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U.S. President Donald Trump answers questions from reporters in the Roosevelt Room of the White House in Washington, on Oct. 9, 2019.

Doug Mills/The New York Times News Service

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What in Trump’s name?

Re Trump Betrays An Ally, For No Good Reason (Editorial, Oct. 10): The editorial reminded readers of the dysfunctional nature of Donald Trump and the risk he poses to geopolitical stability. In the midst of his impeachment concerns, he seems to have executed a worldwide distraction, a page from the Trump playbook that rings familiar. Ceding to Turkish requests to withdraw from Syria also looks to have been made, as usual, on a whim and without considering reasoned input from advisers.

As the shelling continues and the death toll inevitably rises, it is asked: “Who is he doing this for?” I have to assume that this is a rhetorical question, as the answer is now clear to the majority of people who voted for Mr. Trump: nobody but himself.

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Doug Campbell Sherwood Park, Alta.


“Who is he doing this for?" Might I suggest: for the people who voted Donald Trump into office as President of the United States, based on his election platform which included removing the U.S. military from the Middle East.

Ed Bodi Oakville, Ont.


Donald Trump’s justification for his snap decision to stand U.S. forces aside and abandon the Kurds in Syria is that they did not participate in the D-Day invasion of Normandy. What next from Mr. Trump: “Where were the Kurds when we needed them at the Alamo?”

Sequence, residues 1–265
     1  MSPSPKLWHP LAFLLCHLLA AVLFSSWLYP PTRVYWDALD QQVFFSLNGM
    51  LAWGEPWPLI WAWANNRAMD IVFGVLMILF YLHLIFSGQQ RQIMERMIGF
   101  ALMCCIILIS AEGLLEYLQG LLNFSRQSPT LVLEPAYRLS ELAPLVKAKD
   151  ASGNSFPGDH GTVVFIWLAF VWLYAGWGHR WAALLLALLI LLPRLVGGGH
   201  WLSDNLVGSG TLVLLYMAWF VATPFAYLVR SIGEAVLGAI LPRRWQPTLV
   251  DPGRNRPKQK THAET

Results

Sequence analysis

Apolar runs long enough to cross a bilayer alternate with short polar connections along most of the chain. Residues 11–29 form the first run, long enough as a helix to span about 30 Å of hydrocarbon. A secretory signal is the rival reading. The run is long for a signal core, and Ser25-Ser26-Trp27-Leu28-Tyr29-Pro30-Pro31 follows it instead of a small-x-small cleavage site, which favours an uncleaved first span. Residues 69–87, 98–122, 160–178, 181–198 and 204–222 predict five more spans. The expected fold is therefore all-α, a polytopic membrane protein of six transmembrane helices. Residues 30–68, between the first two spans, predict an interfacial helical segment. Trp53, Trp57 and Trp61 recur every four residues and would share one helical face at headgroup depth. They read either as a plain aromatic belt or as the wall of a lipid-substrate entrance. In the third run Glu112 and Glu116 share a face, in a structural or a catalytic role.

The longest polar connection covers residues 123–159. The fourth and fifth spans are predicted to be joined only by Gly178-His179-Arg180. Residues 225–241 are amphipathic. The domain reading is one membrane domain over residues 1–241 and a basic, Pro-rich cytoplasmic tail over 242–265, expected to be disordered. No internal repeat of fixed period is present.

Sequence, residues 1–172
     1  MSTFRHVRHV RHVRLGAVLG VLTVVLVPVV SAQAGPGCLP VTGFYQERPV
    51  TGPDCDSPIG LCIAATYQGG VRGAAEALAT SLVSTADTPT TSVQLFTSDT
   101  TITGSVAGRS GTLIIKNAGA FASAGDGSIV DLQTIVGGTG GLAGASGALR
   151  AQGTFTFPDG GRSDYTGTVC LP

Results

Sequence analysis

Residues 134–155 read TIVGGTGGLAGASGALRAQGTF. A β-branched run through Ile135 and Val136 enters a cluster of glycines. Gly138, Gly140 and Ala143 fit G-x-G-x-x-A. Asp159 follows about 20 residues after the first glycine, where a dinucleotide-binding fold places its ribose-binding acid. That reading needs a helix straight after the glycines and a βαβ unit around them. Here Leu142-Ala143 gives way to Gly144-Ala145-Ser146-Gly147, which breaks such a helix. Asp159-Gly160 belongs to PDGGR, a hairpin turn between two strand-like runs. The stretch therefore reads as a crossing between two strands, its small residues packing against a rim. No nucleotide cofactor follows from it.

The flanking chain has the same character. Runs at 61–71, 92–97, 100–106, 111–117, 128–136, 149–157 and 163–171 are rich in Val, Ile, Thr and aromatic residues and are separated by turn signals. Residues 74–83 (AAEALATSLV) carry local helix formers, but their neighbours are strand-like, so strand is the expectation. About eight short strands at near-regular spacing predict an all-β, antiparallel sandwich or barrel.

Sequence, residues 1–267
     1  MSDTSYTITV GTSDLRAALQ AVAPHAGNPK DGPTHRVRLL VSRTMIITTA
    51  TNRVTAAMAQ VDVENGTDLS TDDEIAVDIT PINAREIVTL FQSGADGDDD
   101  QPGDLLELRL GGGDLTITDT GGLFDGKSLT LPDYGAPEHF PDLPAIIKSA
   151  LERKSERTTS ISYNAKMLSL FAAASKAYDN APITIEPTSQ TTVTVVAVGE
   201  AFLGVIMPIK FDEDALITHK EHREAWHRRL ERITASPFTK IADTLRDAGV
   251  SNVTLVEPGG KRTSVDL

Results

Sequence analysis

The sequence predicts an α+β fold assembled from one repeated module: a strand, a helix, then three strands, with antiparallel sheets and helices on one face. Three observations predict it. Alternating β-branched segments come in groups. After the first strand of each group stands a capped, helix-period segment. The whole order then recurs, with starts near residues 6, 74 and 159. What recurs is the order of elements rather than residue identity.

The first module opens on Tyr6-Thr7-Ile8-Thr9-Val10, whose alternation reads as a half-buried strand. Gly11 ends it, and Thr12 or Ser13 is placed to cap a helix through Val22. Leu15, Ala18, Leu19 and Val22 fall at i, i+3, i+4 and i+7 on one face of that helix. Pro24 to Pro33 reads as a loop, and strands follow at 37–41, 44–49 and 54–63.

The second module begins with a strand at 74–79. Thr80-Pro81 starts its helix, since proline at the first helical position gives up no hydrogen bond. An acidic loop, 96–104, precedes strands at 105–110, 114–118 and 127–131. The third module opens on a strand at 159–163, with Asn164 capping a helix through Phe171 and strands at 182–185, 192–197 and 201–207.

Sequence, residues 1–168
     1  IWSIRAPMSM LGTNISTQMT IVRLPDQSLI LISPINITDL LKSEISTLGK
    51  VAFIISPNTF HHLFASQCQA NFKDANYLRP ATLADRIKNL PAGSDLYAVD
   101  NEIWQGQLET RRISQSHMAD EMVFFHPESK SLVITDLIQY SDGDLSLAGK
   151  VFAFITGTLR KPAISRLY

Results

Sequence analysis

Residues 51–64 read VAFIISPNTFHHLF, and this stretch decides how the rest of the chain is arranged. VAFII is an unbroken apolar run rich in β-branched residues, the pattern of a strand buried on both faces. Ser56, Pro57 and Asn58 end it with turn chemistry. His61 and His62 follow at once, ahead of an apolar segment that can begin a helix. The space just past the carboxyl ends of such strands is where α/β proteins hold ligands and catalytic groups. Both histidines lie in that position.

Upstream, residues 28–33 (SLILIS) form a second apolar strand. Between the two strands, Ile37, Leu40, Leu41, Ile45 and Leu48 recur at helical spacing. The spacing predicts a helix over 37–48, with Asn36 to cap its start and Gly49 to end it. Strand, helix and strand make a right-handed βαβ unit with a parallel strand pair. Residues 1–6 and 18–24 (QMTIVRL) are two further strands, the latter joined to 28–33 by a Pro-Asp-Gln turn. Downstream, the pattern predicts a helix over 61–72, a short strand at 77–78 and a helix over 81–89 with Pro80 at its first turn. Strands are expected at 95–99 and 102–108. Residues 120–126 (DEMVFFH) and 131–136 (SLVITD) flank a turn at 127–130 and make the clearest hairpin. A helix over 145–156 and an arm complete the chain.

Mike Firth Toronto


In military life, honour is bound up first in duty to brothers and sisters in battle. My heart aches for the men and women of the U.S. military who have been ordered to abandon Kurdish comrades at arms in Syria. I gather that, in many cases, these soldiers have stood by the President, even defending him when others no longer could – before these latest events.

Old Glory’s colours seem to be running.

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A.C. Mizen Toronto

Baby on board

Re Climate Fears Have Canadians Forgoing Children (Oct. 10): Rather than pledging to have no children until politicians take stronger action on climate, young Canadians should be forging ahead with their family plans. They should raise those children to be environmentally conscious and politically engaged. Then these new parents must become politically active, too: There are parties to join, constituencies to run in and government roles to fill that can all affect change.

But we don’t need more traditional politicians – we need smart, savvy environmentalists who become politicians.

Elise Weagant Brockville, Ont.


Those who may balk at young adults choosing not to have children, suggesting they could instead raise the next generation of protesters, are just not getting the urgency of the climate crisis.

Change is not in sight yet because of the tremendous push back against meaningful action by fossil-fuel companies and reluctant governments. We are just getting started on pricing carbon, yet at the same time we are still giving billions in government subsidies each year to oil and gas. Carbon emissions are still rising. The window to prevent climate chaos is rapidly closing.

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Young people should be right to be worried. If we want them to feel secure having children, we need to move quickly toward a low-carbon future.

Lyn Adamson Toronto

Keep it clean

Re Canada Needs Action, Not More Studies, To Deal With Money Laundering (Oct. 4): Columnist Rita Trichur writes that banking’s “cozy” relationship with regulators such as the Financial Transactions and Reports Analysis Centre of Canada (FinTRAC) is impeding Canada’s fight against money-laundering crime.